If a patient didn’t show up for a scheduled appointment, then oftentimes, either the nurse or physician would visit their home to ensure that they were OK.
In addition, the Cuban physicians are working under a budget that is about 10 times less than what we’re spending in the U.S. They have many challenges in terms of using generic medications and not utilizing as many diagnostic studies. The lack of financial resources puts more pressure on them to diagnose a patient’s condition based on their history and physical exam, rather than expensive diagnostic studies and imaging modalities.
Cuba from space by NASA/Jacques Descloitres, MODIS Land Rapid Response Team
Q: As a visiting American physician, what response did you get from Cubans?
A: The Cubans I spoke with were very proud of their health care system. The physicians I spoke to liked to point out that, as a result of providing excellent primary care, life expectancies in Cuba are about the same as what they are in the U.S.
Of course, the Cuban doctors acknowledged that they still had many problems within the system. There were many things they wanted to improve upon—like more access to diagnostic tests, certain medications, and technology for some of the more complicated procedures. Many of them also felt very constrained in terms of capacity to do medical and scientific research. They wanted more opportunities to collaborate with U.S. scientists. Lifting the U.S. trade embargo may make it easier for open communication and research collaboration between Cuban and American scientists.
Q: What did you hope to accomplish by writing about Cuba?
A: We are hoping that our article in Science will continue to generate discussion around the U.S. trade embargo. An exchange of ideas could lead to the development of new medical advances and discoveries, as well as a stronger primary care model in the U.S.
Q: What response have you received to the article?
A: The responses have been very polarized. I’ve received dozens of e-mails from Cuban physicians who have been very grateful for our article. I have also received many e-mails and comments from people who are not supportive of the article or the Cuban government. They have written me with some rather vicious language, and clearly they feel that any sort of relaxation of pressure on the Castro regime would be wrong. Interestingly, as far as I can tell, all the negative e-mails and letters have come from people in the U.S., and not from people in Cuba.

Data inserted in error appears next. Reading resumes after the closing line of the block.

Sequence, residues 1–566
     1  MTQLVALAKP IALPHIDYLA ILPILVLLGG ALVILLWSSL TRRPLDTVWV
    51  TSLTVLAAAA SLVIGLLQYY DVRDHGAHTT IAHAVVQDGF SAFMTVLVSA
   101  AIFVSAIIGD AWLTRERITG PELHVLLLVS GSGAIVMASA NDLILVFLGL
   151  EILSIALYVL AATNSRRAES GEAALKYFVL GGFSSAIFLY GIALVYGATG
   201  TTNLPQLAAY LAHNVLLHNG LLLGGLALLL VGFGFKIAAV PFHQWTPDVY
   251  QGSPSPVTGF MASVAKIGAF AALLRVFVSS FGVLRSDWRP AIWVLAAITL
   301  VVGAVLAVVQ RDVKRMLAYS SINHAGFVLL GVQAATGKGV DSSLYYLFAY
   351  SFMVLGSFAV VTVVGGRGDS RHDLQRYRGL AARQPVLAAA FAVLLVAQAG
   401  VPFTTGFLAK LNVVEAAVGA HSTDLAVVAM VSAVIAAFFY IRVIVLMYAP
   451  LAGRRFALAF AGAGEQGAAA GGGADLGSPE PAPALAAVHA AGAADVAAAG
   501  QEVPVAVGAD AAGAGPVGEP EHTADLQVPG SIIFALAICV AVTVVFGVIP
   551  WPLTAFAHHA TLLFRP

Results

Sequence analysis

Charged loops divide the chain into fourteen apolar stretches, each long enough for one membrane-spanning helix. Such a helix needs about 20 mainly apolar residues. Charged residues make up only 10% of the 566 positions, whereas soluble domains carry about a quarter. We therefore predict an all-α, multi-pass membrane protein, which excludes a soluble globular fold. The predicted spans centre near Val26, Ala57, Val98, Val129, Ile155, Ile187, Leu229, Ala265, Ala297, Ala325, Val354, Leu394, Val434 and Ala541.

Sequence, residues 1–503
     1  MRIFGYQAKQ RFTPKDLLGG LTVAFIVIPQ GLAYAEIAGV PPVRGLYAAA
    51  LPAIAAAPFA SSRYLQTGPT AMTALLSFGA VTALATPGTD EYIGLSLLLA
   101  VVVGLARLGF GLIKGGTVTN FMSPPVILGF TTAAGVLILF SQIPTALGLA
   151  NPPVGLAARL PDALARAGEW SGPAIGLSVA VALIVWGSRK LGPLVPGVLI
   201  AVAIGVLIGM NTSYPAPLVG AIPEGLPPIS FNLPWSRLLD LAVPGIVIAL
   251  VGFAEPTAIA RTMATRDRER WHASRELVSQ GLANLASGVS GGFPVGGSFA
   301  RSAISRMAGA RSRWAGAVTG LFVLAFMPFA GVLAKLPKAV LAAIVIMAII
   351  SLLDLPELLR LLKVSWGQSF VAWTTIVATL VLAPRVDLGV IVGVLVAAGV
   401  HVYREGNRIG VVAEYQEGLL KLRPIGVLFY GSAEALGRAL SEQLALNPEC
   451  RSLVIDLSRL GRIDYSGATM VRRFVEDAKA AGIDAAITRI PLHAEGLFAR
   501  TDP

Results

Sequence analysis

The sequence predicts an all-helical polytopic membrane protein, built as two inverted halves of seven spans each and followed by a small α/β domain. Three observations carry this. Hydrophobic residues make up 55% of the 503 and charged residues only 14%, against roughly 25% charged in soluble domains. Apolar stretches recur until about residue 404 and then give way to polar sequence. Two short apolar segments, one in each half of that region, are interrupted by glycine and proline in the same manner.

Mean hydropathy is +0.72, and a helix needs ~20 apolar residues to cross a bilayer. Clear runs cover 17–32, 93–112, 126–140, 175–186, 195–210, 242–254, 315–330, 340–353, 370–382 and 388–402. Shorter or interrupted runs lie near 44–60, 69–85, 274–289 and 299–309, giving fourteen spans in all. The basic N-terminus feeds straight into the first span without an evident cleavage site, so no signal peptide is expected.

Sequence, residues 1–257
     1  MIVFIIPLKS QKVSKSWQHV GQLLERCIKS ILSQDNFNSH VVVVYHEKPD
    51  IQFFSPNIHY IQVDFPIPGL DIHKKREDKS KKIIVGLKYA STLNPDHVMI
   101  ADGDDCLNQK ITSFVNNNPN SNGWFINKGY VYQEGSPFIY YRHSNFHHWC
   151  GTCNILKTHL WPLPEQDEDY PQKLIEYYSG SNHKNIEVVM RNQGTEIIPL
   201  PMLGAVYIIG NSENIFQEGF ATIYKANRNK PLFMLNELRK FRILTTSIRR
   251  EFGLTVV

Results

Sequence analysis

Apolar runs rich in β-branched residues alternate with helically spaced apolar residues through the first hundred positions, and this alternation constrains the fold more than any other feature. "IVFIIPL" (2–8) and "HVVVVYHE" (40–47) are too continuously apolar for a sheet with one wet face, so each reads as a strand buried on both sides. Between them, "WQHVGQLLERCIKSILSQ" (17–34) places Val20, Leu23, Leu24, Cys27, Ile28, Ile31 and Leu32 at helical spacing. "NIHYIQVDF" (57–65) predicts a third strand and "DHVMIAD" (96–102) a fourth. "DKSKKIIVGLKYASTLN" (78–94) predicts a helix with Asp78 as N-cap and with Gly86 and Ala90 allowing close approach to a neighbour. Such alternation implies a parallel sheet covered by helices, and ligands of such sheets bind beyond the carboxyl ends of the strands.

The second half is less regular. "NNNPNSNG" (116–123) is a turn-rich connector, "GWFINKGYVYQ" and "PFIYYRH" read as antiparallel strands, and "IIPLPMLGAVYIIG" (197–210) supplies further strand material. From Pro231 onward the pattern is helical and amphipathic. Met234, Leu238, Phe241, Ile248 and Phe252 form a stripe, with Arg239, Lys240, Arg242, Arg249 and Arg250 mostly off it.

Q: How has your experience in Cuba affected your own practice?
A: I’ve spent several years working in Africa, and each time I go to Africa or Cuba, I’m reminded that we can diagnose most diseases through our history-taking and physical examination. The expensive tests we often do in the U.S. to confirm our suspicions are helpful, but are less important than we commonly think.
If we can find ways to make our health care system more cost-efficient, like ordering fewer imaging tests, then we can begin to devote more of our effort and finances towards keeping our patients healthy.
Q: Do you see any prospects for greater collaboration between the U.S. and Cuban health care systems?
A: Since President Obama took office, there has been a lot of legislative talk about amending or repealing the U.S. trade embargo against Cuba. In our Science article, we mention some of the bills that are being discussed in the congressional Foreign Affairs Committee. Congressman [Howard] Berman, the head of the committee, seems willing to move these bills forward, but it may take some additional public pressure.
There has been more national discussion about Cuba, and recent polls show that Americans favor eliminating the travel restrictions. The more we can make this a public dialogue, rather than just a governmental dialogue, the better chance there will be for eliminating the trade embargo.